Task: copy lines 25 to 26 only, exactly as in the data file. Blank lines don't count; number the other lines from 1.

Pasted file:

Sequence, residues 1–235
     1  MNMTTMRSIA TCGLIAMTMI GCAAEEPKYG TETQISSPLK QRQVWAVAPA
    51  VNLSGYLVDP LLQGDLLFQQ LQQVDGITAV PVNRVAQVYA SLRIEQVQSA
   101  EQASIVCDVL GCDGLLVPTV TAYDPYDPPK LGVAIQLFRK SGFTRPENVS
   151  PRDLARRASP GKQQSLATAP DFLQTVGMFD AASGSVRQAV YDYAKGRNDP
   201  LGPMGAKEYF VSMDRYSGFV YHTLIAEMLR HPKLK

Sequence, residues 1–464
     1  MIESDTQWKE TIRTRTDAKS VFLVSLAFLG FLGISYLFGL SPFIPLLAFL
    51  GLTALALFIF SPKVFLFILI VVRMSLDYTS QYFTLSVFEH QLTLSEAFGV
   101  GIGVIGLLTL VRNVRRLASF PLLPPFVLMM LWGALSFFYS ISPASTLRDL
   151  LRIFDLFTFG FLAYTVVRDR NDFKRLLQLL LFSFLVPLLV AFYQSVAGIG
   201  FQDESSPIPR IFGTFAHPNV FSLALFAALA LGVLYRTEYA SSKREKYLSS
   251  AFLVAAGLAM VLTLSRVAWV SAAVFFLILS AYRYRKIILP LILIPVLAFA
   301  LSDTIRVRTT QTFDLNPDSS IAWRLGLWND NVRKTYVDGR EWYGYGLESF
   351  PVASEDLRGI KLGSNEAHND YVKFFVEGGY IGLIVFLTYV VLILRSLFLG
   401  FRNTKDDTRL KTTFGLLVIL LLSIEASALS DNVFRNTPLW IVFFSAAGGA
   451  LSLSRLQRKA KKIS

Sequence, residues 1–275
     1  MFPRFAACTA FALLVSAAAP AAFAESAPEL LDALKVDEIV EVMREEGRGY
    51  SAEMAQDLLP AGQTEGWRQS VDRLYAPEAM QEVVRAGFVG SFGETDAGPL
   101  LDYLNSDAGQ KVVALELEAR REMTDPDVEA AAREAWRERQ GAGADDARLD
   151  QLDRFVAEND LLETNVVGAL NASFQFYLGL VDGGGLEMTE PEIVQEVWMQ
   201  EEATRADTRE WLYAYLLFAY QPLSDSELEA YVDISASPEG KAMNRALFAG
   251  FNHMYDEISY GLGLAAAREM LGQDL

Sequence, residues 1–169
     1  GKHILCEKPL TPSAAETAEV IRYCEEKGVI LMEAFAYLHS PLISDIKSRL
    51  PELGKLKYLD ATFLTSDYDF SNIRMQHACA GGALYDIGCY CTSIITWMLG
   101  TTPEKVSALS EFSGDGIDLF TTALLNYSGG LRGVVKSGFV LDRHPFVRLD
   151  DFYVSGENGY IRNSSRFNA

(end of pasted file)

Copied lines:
Sequence, residues 1–169
     1  GKHILCEKPL TPSAAETAEV IRYCEEKGVI LMEAFAYLHS PLISDIKSRL